In more recent years, as we’ve progressed through the system, we’ve come across a paradox. When improvising with others musicians must be quite intuitive. They must use their musicality and their instinct to ‘feel’ what to play and how to play it. They must be quite reactive and sensitive to the music going on around them. However, when following the direction of a Suggestor, this intuition must be suspended. The players will have to trust that the Suggestor is performing with the same amount of intuition, instinct and sensitivity.
These two attitudes are hard to marry. If the ensemble has little faith in the Suggestor, the music will reflect it. On the flip side, if the group can read each other and play exciting, progressive music simply though intuition, the Suggestor’s job becomes minimal.
I think there is a balance between a player staying true to themselves and staying true to the suggestions. It’s not one group of people doing what a conductor says. Its everyone working together in their different roles towards a common goal – making good music. Hence, the idea of each signal or direction being a ‘suggestion’. As individuals or as a group, each suggestion can be taken or left, or interpreted, or approximated, or developed, or mistaken for better or worse. It doesn’t matter. Its the process that counts, and this relationship between the players.
It’s been said before, if you’re going to improvise badly, why not just play a great tune instead? There is a fair point to this. Improvisation skills need to be honed, practiced and executed well if the thing is going to be worth it. Just waving your hands about and creating a few hits and a few chord changes isn’t enough. The quality of the music needs to be weighed up against the effort of the process. One of the major benefits of improvisation verses composition is that, with Suggesture, there is much more scope to latch onto spontaneous ideas, develop them quicker and more effectively and have more fun. It’s always exciting performing without a prepared script but if the final product can rival a ready made piece, then that is certainly worth the risk.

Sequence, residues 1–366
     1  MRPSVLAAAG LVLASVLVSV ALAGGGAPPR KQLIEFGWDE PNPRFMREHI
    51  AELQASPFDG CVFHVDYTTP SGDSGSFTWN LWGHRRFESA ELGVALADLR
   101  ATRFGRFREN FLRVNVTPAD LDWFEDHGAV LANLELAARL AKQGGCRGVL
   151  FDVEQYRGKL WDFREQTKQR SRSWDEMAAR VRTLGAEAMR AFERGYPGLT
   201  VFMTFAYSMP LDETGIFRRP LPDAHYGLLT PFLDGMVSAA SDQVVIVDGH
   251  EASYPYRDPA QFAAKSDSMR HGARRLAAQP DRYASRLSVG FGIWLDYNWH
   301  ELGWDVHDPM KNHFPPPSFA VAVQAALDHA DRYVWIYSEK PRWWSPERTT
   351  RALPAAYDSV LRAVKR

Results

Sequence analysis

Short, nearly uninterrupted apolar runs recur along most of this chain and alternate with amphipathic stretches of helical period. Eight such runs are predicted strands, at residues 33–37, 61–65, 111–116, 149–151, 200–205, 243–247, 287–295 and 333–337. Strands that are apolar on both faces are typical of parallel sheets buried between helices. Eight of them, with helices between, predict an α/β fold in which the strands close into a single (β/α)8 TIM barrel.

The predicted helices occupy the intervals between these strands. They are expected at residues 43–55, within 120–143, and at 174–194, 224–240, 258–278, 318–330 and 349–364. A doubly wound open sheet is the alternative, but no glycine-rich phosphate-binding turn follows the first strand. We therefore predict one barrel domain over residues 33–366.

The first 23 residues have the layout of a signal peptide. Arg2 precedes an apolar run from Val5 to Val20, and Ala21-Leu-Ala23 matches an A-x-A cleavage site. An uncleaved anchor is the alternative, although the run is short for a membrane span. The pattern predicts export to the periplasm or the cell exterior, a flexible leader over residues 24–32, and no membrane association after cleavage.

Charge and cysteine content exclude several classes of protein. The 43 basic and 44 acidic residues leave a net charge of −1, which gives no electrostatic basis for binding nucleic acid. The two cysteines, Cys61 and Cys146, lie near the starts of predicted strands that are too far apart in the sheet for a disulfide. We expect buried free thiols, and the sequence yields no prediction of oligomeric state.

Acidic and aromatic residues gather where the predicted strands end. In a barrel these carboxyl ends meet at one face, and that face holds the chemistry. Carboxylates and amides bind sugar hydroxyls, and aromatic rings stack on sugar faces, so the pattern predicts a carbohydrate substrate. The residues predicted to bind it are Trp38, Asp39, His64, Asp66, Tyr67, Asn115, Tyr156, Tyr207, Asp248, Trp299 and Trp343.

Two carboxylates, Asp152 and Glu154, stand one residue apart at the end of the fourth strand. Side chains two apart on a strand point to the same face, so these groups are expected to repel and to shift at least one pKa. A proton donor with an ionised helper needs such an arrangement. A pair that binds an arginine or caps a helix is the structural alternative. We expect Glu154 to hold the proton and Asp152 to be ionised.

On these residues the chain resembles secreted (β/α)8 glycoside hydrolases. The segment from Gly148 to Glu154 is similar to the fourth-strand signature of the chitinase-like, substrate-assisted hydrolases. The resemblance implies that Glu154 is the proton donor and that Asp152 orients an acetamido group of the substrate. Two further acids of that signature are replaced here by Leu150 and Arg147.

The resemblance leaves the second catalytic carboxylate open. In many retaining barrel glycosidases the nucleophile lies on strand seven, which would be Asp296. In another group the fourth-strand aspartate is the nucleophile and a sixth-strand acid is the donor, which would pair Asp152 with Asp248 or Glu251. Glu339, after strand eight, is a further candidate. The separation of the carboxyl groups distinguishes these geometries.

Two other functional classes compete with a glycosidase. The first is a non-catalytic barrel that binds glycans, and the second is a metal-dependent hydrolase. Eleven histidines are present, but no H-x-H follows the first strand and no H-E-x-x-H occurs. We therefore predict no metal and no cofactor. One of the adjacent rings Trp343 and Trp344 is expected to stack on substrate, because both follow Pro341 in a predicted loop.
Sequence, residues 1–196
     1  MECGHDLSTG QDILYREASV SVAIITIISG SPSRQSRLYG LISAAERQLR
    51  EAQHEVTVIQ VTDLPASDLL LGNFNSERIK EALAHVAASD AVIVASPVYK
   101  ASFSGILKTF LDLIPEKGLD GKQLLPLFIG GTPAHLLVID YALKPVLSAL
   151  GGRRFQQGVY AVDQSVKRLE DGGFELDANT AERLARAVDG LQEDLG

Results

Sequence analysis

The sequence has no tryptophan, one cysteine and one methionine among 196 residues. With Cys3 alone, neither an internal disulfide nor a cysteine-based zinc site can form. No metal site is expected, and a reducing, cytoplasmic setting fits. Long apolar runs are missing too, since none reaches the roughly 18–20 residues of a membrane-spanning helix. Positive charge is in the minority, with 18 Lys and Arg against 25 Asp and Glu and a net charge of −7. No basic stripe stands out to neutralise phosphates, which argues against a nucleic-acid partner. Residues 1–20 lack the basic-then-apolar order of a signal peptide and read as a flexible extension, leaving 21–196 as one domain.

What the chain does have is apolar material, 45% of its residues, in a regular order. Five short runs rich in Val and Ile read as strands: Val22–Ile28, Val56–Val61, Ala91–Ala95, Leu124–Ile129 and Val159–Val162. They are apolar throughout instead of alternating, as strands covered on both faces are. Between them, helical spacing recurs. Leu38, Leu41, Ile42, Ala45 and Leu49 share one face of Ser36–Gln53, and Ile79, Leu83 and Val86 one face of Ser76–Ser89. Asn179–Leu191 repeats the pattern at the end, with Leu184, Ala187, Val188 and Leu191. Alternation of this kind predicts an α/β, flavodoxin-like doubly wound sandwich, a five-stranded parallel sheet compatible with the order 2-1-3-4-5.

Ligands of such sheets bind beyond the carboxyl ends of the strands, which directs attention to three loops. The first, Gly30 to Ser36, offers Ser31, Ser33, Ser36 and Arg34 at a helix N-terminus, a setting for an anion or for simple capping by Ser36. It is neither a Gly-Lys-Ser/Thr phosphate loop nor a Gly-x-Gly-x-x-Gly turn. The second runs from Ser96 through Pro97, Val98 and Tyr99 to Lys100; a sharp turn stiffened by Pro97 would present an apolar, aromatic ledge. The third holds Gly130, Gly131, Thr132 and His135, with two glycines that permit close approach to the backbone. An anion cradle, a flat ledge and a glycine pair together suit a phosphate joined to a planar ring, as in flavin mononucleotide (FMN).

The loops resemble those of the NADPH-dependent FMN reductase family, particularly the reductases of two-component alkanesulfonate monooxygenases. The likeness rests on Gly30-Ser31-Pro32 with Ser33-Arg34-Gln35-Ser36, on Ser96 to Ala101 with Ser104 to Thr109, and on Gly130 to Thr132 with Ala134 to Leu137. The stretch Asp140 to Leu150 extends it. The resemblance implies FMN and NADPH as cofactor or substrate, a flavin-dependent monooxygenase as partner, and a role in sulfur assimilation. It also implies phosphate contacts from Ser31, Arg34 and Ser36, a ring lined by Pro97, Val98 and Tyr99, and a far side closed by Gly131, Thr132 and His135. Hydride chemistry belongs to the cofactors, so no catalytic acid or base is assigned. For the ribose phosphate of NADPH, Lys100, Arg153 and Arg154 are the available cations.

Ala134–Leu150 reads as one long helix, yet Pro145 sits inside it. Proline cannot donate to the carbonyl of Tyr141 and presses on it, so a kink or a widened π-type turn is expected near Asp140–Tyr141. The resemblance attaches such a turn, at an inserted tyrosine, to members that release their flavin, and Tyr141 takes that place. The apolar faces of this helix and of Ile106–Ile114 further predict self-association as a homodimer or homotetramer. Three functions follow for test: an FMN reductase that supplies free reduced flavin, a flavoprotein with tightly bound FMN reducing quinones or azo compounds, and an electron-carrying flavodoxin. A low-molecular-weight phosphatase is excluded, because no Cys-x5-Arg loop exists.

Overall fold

On a geeky note – When moving the major chord, we use the dominant scale or mixolydian mode. When moving the minor chord, we use the natural minor scale or Aeolian mode. The reason for this is that we think it sounds better. The flattened seventh in the major suits The Katet’s bluesy style of harmony. The flattened sixth in the minor always sounded better when using descending patterns.
However, all the scales are assignable. All a group has to do is agree which signal means which mode before playing. Any combination of fingers in the ‘scale’ hand can signify any number of keys/modes/scales, existing or made up. This means that the harmony of a moving chord is not fixed or limited. We just prefer to use the scales we do. Different groups will differ. People are like that.